An additional attempt at tying in with the cartoon is the explanation that after Darkseid and crew use it one last time to escape Apokolips, they can no longer create Boom Tubes. After that, they nstead rely on something new developed by DeSaad called a Stargate, which is what they used on the cartoon.
The presence of Dr. Fate, at a point at which he still, in the main continuity of the comics, lived on an alternate Earth, also suggests to me that this is yet another, separate continuity, specific to the cartoon.
If I recall correctly, the cartoon was on ABC, and unlike previous iterations, old episodes of it weren’t rebroadcast on the CBS affiliate that was the only station we could reliably pull in with our antenna. I don’t believe Green Arrow, Dr. Fate, or Martian Manhunter were on the show, but I do remember that Firestorm was, and I think Cyborg was as well.
(The CBS station would air Super Friends before the regular CBS cartoons started. I would regularly get up at 6 AM to watch it when I was a kid.)
Attempting to destroy the pods sends each team back in time – except Superman and Firestorm, who travel back in time under Superman’s power – in pursuit of a different minion whose task it is to protect each pod.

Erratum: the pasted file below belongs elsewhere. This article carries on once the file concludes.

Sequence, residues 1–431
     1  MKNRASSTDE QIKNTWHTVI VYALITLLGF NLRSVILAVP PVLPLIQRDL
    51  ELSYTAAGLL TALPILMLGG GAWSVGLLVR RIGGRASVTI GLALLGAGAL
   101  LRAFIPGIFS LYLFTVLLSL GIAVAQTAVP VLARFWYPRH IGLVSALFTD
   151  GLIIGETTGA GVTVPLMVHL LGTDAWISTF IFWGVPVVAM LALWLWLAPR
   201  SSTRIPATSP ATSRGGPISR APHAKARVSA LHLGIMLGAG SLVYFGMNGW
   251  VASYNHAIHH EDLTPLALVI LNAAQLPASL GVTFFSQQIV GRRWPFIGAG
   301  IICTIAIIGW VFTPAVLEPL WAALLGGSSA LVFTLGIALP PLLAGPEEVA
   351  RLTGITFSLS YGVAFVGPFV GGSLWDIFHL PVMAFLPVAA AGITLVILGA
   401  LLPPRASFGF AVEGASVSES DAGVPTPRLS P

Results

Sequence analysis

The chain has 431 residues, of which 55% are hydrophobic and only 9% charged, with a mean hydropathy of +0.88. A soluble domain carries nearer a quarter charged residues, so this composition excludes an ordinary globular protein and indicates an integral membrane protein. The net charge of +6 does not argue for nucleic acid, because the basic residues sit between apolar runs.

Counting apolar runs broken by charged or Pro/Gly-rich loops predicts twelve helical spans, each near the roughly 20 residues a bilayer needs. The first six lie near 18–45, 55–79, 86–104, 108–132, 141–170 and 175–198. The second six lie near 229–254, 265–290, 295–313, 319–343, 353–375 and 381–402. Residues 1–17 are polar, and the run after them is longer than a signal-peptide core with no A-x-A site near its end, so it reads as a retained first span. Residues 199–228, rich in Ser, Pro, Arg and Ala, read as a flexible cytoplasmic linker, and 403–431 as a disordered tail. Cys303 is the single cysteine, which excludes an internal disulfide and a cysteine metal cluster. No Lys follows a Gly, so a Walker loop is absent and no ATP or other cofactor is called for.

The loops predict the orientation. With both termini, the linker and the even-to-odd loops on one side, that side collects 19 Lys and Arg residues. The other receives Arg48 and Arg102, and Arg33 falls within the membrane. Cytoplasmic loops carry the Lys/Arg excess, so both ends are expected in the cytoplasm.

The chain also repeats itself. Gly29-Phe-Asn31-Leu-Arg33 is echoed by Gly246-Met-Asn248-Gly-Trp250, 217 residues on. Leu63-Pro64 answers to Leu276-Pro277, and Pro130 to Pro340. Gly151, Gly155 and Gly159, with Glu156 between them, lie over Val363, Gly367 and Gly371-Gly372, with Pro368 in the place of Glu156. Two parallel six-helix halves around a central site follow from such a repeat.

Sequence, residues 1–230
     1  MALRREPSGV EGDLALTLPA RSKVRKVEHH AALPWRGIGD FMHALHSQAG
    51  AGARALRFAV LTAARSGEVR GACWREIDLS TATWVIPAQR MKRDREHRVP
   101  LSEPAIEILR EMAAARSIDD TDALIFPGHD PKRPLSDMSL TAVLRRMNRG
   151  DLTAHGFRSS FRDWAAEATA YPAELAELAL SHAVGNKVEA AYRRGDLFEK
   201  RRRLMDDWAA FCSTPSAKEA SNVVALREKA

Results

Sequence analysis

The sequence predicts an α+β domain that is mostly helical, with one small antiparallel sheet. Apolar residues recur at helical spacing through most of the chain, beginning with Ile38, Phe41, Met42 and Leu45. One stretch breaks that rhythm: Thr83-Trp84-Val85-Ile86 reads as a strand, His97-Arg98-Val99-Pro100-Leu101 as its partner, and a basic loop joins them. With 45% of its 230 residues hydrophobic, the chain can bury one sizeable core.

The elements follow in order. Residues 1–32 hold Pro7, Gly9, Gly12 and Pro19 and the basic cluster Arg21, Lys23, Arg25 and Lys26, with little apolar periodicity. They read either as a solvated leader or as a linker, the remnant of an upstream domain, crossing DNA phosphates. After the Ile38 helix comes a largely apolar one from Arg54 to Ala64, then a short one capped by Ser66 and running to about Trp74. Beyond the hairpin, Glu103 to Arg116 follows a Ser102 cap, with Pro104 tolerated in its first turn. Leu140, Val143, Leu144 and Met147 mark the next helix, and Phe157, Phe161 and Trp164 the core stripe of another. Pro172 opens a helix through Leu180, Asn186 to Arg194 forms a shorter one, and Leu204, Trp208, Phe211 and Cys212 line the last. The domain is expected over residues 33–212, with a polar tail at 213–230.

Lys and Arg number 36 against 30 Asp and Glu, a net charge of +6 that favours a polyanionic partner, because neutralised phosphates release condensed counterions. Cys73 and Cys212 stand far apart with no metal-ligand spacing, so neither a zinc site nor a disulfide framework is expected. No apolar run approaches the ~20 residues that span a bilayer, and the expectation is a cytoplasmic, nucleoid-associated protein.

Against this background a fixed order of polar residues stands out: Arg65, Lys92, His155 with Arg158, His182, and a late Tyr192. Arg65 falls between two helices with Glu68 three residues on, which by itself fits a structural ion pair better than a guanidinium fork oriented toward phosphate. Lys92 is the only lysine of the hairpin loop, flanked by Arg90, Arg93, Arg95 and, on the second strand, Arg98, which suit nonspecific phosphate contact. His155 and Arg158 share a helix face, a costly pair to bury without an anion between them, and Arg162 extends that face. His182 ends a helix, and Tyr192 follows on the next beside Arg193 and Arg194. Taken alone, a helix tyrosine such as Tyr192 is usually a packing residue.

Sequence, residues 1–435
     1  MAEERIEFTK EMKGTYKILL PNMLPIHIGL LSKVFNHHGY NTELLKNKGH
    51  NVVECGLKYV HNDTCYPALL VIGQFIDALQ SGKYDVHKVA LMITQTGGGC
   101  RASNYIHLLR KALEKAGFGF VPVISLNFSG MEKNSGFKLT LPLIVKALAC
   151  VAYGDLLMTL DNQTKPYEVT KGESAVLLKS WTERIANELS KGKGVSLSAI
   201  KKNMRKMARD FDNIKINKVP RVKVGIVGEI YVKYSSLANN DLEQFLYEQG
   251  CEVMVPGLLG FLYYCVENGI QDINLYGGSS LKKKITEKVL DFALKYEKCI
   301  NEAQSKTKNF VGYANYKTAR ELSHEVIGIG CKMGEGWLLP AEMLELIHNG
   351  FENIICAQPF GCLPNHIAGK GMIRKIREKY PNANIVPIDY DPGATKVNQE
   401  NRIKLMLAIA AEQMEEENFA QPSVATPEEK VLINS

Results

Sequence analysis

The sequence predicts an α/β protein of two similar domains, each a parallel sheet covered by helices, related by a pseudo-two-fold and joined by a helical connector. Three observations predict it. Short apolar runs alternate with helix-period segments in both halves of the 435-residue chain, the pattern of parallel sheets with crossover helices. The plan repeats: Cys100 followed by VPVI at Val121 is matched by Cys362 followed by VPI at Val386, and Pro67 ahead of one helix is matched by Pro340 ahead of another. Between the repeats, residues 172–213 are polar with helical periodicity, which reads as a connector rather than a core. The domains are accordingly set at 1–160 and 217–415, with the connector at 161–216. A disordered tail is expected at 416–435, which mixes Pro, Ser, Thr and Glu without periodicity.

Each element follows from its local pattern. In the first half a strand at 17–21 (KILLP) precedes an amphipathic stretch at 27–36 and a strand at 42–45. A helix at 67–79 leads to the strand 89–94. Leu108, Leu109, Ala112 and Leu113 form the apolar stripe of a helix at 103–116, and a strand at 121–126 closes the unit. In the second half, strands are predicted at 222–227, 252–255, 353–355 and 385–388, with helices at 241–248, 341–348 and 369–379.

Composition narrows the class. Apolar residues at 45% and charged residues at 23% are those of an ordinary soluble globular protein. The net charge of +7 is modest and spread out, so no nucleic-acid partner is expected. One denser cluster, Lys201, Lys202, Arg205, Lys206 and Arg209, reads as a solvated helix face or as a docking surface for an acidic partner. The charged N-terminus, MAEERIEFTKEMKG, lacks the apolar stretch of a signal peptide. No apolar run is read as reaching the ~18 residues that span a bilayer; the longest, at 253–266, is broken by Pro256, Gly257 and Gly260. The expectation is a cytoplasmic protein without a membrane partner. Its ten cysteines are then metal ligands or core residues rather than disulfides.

This includes a particularly dumb story in which Wonder Woman, Dr. Fate, and Green Lantern end up being responsible for the creation of the moai, the giant stone heads on Easter Island.
Oh, and also, Batman, Robin, and Flash travel not to the past, but to the future, a future in which Darkseid was triumphant and rules the Earth.
Turns out that having the heroes travel through the time portals that the pods open up allows the pods to use the heroes’ energy as “fertilizer.” Superman discovers this when he and Firestorm return and find that the pod they were trying to destroy has withered and died. Alas, it’s too late to do any good, as the other pods are ripe and ready to go.
The heroes head to the moon, fight Darkseid’s goons, get captured after facing stone-face himself, only to escape just in the nick of too late, as Darkseid gets into his device, which has an impenetrable force field, which will use his Omega Effect to trigger the pods.
Superman and Dr. Fate manage to stop the beams before they can hit the pods, and it turns out that DeSaad engaged in a bit of not-particularly sudden but completely inevitable betrayal of his master when he built the device, and Darkseid is apparently destroyed by some kind of energy feedback.
Day is saved, hooray.
One thing I find interesting is that while, in terms of his character, Kirby’s Darkseid is terrifying – though not so much here, where he’s kind of Darkseid Lite; he never once mentions the Anti-Life Equation, which is a big part of what makes him so horrific – Kirby’s physical depiction of him is considerably less imposing. He looks kind of buffoonish, what with the bulbous nose and the one bulging eye, in a way that he typically doesn’t when depicted by other artists.